Monday, January 18, 2016

Traditional Chinese Medicine

"The logic underlying Chinese medical theory - a logic that assumes that a part can be understood only in its relation to the whole -- can also be called synthetic or dialectical.

The character for Yin originally meant the shady side of a slope.  It is associated with such qualities as cold, rest, responsiveness, passivity, darkness, interior, downward, inward, decrease, satiation, tranquility, and quiescence.  It is the end, completion, and realized fruition.

The original meaning of Yang was the sunny side of a slope.  The term implies brightness, heat, stimulation, movement, activity, excitement, vigor, exterior, upward, outward, and increase.  It is arousal, beginning, and dynamic potential.  

All things have Yin and Yang aspects....and any Yin or Yang aspect can be further divided into Yin and Yang.  

Yin and Yang mutually create, control, and transform one another.  Although Yin and Yang can be distinguished, they cannot be separated.   Yin and Yang are always subtly supporting, repairing, and transforming into one another.  This constant transformation is the source of all change.  Organic transformation can occur harmoniously in the normal course of events or sudden ruptures can occur. If Yin and Yang are unbalanced for prolonged periods of time or in an extreme manner, the resulting transformation can be drastic.  

Lao Tzu says:  
In order to expand, it is necessary to first contract.  In order to stregthen, it is necessary to first weaken.  In order to create, it is necessary to first destroy.  In order to give, it is necessary to first take.

In Chinese thought, events and phenomena unfold through a kind of spontaneous cooperation, an inner dynamic in the nature of things.  The key word is Pattern - people and things behave in particular ways not necessarily because of prior actions or impulses, but because their position in the cyclical universe and their endowment with intrinsic natures.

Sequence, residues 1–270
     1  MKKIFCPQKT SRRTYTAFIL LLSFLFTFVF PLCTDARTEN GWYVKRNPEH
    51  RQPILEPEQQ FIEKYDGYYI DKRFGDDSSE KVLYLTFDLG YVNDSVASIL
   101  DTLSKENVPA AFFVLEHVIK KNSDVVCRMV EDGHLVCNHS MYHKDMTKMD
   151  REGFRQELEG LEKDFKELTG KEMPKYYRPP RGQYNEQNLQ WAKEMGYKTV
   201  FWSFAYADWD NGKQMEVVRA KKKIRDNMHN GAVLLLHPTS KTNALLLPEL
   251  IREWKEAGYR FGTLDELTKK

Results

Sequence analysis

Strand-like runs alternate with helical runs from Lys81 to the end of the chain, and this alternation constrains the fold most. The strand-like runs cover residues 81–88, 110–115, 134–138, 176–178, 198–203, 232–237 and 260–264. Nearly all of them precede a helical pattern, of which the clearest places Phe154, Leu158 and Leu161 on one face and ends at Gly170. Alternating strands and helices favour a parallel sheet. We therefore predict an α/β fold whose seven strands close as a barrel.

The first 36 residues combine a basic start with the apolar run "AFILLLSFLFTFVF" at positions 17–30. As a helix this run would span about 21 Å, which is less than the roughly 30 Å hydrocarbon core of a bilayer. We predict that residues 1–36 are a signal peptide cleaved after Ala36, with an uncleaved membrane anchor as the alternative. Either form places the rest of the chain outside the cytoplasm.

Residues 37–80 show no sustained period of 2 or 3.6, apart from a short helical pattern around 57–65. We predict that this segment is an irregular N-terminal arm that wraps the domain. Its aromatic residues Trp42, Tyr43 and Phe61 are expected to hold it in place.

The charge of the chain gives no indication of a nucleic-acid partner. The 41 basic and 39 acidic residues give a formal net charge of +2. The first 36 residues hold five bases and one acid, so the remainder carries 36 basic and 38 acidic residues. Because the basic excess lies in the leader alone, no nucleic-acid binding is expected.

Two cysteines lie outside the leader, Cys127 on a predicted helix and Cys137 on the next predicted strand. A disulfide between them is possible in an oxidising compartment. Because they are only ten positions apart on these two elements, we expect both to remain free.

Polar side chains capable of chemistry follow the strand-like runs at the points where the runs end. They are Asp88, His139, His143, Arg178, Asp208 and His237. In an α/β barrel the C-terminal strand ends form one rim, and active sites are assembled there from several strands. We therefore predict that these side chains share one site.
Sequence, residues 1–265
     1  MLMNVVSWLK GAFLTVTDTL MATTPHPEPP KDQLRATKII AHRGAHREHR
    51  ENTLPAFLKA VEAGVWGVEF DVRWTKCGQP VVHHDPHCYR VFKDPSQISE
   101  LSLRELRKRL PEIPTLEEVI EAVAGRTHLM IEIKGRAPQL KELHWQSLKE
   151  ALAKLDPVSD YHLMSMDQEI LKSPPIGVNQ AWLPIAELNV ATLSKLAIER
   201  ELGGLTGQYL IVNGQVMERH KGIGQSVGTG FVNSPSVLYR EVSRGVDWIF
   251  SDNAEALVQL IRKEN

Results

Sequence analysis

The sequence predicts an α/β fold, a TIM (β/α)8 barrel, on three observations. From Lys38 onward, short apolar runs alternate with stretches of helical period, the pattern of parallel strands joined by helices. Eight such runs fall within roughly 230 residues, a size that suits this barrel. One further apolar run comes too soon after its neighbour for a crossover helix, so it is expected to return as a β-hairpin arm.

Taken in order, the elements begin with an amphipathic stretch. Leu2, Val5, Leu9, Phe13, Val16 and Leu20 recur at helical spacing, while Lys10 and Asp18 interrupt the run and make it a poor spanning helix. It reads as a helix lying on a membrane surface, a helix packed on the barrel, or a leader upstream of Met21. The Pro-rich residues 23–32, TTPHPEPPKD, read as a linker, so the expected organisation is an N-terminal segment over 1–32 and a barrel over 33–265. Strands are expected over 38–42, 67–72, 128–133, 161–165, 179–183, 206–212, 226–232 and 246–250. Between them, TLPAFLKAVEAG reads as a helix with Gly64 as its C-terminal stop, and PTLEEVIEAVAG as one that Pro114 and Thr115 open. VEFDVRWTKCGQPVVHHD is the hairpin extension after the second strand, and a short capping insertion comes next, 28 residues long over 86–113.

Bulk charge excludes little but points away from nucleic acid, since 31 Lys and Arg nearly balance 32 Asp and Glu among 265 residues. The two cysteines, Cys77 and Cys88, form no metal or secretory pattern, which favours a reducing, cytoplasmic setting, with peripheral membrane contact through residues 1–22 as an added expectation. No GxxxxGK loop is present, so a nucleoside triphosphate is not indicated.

The Chinese assume that the universe is continuously changing.  The cosmos itself is an integral whole, a web of interrelated things and events.  The desire for knowledge is the desire to understand the interrelationships or patterns within that web, and to become attuned to the unfolding dynamic.

A traditional Chinese landscape painting captures the essence of nature in balance and in flux.  The paiting is like the Taoist symbol, containing Yin and Yang in their proper proportions but constantly interacting and transforming into each other.  

The scene depicts a vast range of elements, from the towering mountain to the little trickling stream.  Nature is shown as a balance of the yielding Yin (foliage, water) and the unyielding Yang (rock, trees).  There are the dynamic (water, people) and the quiescent (mountains, houses); the slow (trees) and the fast (mist); the dark and the light; the solid and the liquid.  All things contain both Yin and Yang.  The water, for instance, is both yielding (Yin) and dynamic (Yang).

The picture is a totality, and each detail takes on meaning only as it participates in the whole.  The mountain is immense by virtue of its smaller foothills; the people are small by virtue of the vastness of nature.  All things are imbued with interactive qualities and dynamics in their relationships to the things around them.

The painting depicts a time and place that through their correspondence with the cosmos become timeless and placeless.  It rediscovers the elemental and continuous course of the cosmic pulsation through the figurative representation of a landscape...The tension created by the correlation between the lines and the washes, the visible and the invisible, fullness and emptiness, endows the landscape with a power to suggest more than the merely visible and open it to the life of the spirit. " 

(from p. 7-17 The Web That Has No Weaver by Ted Kaptchuk)

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